An RVer’s guide to gearing up for astronomy

An RVer’s guide to gearing up for astronomy

By Chris Fellows
In my travels I have been amazed by two juxtaposed facts. One, people love looking at the stars/moon/planets with their own eyes, and two, people haven’t really tried it for themselves.

Let’s take a moment to think about that second point more closely. The sky is over our heads our entire lives and yet very few people take the time to simply look up! There are literally billions of things to see and learn about up there and some of them are fantastically beautiful. Why don’t people try astronomy for themselves? I think folks find the idea of amateur astronomy technically intimidating, assume it would cost hundreds or thousands of dollars, and/or don’t think they have the room in their RV for all the equipment. In this article I will attempt to relieve those anxieties and encourage everyone to take that first step into an appreciation of the universe.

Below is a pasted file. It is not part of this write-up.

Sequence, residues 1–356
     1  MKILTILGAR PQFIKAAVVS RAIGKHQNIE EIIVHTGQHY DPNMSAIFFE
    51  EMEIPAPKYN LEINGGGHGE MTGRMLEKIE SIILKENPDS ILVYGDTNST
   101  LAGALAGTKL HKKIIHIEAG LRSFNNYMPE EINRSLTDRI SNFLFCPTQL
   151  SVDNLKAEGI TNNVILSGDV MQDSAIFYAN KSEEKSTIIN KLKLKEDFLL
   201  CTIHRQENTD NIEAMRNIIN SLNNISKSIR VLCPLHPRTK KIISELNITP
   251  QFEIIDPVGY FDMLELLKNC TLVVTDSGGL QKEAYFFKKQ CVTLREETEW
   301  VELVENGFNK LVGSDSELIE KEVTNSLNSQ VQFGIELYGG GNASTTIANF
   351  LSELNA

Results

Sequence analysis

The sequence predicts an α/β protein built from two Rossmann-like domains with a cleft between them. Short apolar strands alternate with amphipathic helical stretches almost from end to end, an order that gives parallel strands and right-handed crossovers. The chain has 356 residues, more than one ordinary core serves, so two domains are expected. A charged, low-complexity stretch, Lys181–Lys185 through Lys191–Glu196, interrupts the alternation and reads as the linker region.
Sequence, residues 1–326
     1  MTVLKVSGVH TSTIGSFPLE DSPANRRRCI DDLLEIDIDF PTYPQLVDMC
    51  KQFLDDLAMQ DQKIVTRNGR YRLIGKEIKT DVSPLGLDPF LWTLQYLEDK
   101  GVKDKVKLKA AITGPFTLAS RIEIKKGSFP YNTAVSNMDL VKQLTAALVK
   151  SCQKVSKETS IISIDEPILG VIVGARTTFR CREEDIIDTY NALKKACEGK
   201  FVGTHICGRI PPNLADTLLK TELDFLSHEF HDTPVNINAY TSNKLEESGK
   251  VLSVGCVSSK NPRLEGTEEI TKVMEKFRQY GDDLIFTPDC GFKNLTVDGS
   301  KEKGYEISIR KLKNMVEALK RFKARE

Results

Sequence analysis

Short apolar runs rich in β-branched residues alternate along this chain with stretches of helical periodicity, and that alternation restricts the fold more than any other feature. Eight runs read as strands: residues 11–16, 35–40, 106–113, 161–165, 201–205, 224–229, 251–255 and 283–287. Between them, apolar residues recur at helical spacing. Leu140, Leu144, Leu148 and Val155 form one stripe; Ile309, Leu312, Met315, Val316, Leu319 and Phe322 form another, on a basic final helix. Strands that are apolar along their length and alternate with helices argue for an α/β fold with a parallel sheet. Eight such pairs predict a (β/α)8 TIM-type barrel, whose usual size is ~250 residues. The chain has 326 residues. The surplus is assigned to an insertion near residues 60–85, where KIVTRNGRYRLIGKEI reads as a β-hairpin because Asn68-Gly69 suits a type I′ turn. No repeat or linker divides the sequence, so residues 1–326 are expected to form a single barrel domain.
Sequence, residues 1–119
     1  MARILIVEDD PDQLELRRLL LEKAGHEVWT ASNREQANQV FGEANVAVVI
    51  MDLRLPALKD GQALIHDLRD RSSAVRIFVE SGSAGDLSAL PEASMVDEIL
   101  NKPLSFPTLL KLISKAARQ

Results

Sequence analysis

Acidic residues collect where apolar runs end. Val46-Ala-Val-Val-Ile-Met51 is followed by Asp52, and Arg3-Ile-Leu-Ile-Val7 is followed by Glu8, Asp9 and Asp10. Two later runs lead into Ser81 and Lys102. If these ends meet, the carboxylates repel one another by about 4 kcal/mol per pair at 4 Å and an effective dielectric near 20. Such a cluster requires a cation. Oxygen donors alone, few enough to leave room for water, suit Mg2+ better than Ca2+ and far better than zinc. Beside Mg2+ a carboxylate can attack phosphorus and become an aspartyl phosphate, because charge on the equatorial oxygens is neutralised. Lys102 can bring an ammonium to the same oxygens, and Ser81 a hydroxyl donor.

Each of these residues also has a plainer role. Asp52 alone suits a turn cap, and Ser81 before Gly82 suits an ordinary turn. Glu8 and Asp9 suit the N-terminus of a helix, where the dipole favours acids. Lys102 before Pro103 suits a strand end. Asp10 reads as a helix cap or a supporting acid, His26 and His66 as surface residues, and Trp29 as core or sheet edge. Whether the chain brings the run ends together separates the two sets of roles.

What you will need and what it will cost
Although it is true that you can spend a lot of money on equipment, it is by no means necessary to get a completely satisfying observing experience. Here I am going to recommend a setup that will cost less than $200 and allow you to see good detail on the moon, atmospheric bands on the surface of Jupiter, and the rings of Saturn — all this with minimal setup and technical know-how.